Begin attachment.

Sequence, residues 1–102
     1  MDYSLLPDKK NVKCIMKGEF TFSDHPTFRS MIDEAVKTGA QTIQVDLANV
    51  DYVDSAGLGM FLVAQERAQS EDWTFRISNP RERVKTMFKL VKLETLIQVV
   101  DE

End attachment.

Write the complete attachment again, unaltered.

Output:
Sequence, residues 1–102
     1  MDYSLLPDKK NVKCIMKGEF TFSDHPTFRS MIDEAVKTGA QTIQVDLANV
    51  DYVDSAGLGM FLVAQERAQS EDWTFRISNP RERVKTMFKL VKLETLIQVV
   101  DE